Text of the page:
International Women’s Day: Helping women take matters into their own hands – ICRC

March 9, 2012 12:43 pm 

By Ben Cal

MANILA, March 8 – In armed conflict, men bore the brunt of casualties, nevertheless, women also suffer tremendously.

On the occasion of International Women's Day, the International Committee of the Red Cross (ICRC) is calling for more action to help women caught in the cobweb in the armed conflict to “meet their specific needs and regain dignity and hope, while emphasizing the responsibility of parties to a conflict to search for the missing and provide information for the families.”

"Women all over the world have shown an extraordinary capacity to overcome hardship and take their fate into their own hands," said Maria-Teresa Garrido Otoya, the ICRC's adviser on issues relating to women and war.

"Given half a chance, they find novel and effective ways of providing for themselves and their families."

Beyond the anguish of not knowing what happened to their husbands, sons or other relatives, women in these situations face daunting difficulties.

In many cases they have lost a breadwinner, they struggle to provide such basic necessities as food for their families and education for their children.

"They also face legal and administrative challenges when it comes to such things as claiming their husband's property or their eligibility for public assistance to ease their families' economic hardship," said Ms Garrido Otoya.

"In addition, they are often stigmatized in their communities. For example, not knowing whether their spouses are alive or dead, many do not dress or behave like widows. Their communities are unable to understand their behaviour, leaving them with no one to turn to for support," she said.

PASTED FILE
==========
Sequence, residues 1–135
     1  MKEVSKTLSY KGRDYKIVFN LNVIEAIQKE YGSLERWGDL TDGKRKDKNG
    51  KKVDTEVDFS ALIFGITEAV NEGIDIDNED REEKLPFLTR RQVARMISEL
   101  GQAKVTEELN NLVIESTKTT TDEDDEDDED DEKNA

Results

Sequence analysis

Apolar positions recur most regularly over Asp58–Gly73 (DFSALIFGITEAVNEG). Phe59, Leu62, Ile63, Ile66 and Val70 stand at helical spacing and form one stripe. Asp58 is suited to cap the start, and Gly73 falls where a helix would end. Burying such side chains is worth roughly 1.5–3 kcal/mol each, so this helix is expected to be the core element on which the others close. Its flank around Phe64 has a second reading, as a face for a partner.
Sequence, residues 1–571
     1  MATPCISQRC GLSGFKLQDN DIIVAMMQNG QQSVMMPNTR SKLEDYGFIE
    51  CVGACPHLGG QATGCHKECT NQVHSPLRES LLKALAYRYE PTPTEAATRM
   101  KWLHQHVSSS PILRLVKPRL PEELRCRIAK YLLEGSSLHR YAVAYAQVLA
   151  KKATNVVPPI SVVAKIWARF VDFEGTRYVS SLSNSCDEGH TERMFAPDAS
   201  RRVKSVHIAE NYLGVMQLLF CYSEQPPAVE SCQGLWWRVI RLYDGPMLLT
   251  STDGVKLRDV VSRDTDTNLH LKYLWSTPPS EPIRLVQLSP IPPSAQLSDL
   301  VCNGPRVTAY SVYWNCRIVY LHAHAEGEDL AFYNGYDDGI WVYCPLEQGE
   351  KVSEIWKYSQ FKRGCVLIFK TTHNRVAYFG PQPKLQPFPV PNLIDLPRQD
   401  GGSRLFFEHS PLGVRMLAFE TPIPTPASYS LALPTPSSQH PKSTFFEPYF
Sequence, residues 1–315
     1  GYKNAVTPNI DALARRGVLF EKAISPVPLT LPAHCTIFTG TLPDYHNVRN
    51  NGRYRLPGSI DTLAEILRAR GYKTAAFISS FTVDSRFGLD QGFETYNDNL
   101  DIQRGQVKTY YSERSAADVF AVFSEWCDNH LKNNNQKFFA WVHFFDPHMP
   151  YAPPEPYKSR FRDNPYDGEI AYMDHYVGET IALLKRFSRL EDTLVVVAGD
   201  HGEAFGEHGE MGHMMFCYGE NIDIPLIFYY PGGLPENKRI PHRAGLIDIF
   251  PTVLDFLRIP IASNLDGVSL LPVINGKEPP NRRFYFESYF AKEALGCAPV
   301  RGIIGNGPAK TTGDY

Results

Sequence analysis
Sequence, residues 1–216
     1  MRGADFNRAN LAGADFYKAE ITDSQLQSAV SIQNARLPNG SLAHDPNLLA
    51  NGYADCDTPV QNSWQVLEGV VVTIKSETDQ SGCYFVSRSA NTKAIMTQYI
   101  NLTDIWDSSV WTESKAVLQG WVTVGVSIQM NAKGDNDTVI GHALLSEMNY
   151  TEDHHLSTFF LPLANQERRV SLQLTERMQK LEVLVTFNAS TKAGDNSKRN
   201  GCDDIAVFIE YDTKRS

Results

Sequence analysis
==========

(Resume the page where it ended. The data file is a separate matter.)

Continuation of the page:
The ICRC endeavors to provide a whole range of support to address the specific needs of women with missing loved ones.

In Libya, families are still approaching the organization on a daily basis in the hope that it can help find out what became of their loved ones. In Iraq, the ICRC helps women whose husbands have gone missing by helping them set up small income-generating activities, like running a shop or working as a hairdresser.

In Nepal, the ICRC makes counseling available and helps set up support groups to relieve some of the distress and difficulty that the wives and mothers of missing persons experience. In the support groups, women come together and are able to share their suffering, sometimes even when they and their families were formerly on opposite sides in the conflict.

Under international humanitarian law, everyone has the right to know what happened to missing relatives. ICRC said it is the responsibility of parties to a conflict to search for the missing and to provide the families with information on their fate, and this obligation continues after the end of the armed conflict.

Authorities must see to it that the needs of the families of missing persons are met, ICRC added.

The most effective and appropriate way of doing so is to provide women heading households with the tools to fend for themselves without outside help. (PNA) RSV/RBC/mmg


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